Two lions, two tigers, and one jaguar were initially reported to have broken out of their enclosures at a German zoo on Friday, prompting authorities to advise residents to stay indoors.
The animals were believed to have escaped from Eifel Zoo in Lünebach, western Germany after flooding caused by an overnight storm eroded the fences. The zoo was flooded when a river burst its banks during the storm.
Andreas Kruppert, the mayor of Arzfeld, a municipality situated near Eifel, said that the zookeepers lost track of the animals during the storm. However, the animals were found later during the day by a drone after the waters had receded, still in their cages.
Escaped Bear Shot Dead
A bear that did escape, however, had to be shot dead as a precaution to protect the public. Kruppert said that the bear fled its enclosure to save itself from the rising water,
"Emergency responders were already there and because the bear posed a serious threat to the people in the vicinity the bear sadly had to be shot," Kruppert said.
The 74-acre privately-owned zoo is home to about 400 animals, which include 60 exotic and native creatures. It also features many attractions, which include a cable car and a miniature village.
It was established in 1965 with only donkeys, a wild boar, and dogs. It is now visited by about 70,000 people per year.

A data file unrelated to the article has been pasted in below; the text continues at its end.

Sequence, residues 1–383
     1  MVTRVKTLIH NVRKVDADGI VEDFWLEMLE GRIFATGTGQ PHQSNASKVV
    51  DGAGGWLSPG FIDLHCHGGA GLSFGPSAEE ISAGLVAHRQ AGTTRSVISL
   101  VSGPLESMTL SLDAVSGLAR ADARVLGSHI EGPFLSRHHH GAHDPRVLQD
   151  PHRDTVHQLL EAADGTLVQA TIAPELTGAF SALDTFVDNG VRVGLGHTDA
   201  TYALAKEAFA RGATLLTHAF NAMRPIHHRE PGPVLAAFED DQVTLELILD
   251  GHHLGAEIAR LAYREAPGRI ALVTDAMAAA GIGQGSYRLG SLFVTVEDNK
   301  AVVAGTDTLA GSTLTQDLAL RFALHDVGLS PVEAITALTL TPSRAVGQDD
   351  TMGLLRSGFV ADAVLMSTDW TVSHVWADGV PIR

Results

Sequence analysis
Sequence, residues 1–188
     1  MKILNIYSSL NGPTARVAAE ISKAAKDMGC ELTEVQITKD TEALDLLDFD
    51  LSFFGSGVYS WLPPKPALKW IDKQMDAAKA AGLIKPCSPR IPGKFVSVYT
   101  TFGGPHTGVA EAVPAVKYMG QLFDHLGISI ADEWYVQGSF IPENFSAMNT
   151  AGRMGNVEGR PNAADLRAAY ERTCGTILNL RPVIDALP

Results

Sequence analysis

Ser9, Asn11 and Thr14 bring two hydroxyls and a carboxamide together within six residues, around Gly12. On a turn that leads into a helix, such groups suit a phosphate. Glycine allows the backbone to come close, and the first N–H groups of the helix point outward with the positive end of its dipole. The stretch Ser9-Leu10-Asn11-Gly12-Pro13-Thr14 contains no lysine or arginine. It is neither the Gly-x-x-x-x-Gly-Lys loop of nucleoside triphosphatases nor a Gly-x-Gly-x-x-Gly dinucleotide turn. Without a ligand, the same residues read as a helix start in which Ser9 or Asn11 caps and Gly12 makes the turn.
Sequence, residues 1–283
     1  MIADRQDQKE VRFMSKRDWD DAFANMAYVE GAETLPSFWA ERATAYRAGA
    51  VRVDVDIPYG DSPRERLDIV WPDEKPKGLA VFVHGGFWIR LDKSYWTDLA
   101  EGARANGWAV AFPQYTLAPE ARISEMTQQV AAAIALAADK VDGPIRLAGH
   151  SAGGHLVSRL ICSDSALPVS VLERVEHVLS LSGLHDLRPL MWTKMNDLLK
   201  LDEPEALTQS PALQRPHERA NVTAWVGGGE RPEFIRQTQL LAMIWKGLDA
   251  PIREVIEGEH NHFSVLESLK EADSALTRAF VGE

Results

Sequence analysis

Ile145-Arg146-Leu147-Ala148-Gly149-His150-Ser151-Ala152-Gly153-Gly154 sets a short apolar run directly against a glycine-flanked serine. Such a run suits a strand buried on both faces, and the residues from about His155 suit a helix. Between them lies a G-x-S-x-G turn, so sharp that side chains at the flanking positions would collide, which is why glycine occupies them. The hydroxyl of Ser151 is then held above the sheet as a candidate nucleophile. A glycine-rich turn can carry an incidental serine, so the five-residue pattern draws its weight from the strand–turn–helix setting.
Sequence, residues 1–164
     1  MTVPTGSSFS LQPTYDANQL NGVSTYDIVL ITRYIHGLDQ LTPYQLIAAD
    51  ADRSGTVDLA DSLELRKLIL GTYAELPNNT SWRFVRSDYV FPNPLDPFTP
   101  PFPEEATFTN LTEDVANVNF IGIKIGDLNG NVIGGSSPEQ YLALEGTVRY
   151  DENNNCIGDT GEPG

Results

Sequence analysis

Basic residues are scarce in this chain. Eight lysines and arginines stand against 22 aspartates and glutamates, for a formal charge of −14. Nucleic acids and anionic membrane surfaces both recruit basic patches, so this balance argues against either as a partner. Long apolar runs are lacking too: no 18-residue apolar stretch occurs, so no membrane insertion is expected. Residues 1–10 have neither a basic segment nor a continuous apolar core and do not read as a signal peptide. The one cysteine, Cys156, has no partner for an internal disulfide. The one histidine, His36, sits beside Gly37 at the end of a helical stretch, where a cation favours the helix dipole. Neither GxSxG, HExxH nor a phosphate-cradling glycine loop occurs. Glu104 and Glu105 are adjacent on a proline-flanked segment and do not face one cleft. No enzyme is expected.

Animals rarely escape from zoos but it happens. In 2015, a Red Panda from the Sequoia Park Zoo in Eureka, California escaped, prompting the zoo management to ask help from the public over concerns that the creature could be scared with an unfamiliar environment.
In 2016, a 4-year-old Amur leopard at Hogle Zoo In Utah escaped. An hour later, it was found sleeping on a high beam in a public zone just 2 feet from her exhibit.
That same year, an 18-year-old silverback gorilla also escaped from its enclosure inside a London zoo. The veterinarians had to tranquilize the animal to return it to its den.
Zoo animal escapes can be particularly dangerous if this involves predatory animals. Big cats such as lions, leopards, cheetahs, tigers, and jaguars are natural hunters and can pose serious threats to young children that they may see as a potential prey.
In 2015, a lion at a safari park near Johannesburg killed a tourist who was taking photos through an open window of the safari jeep.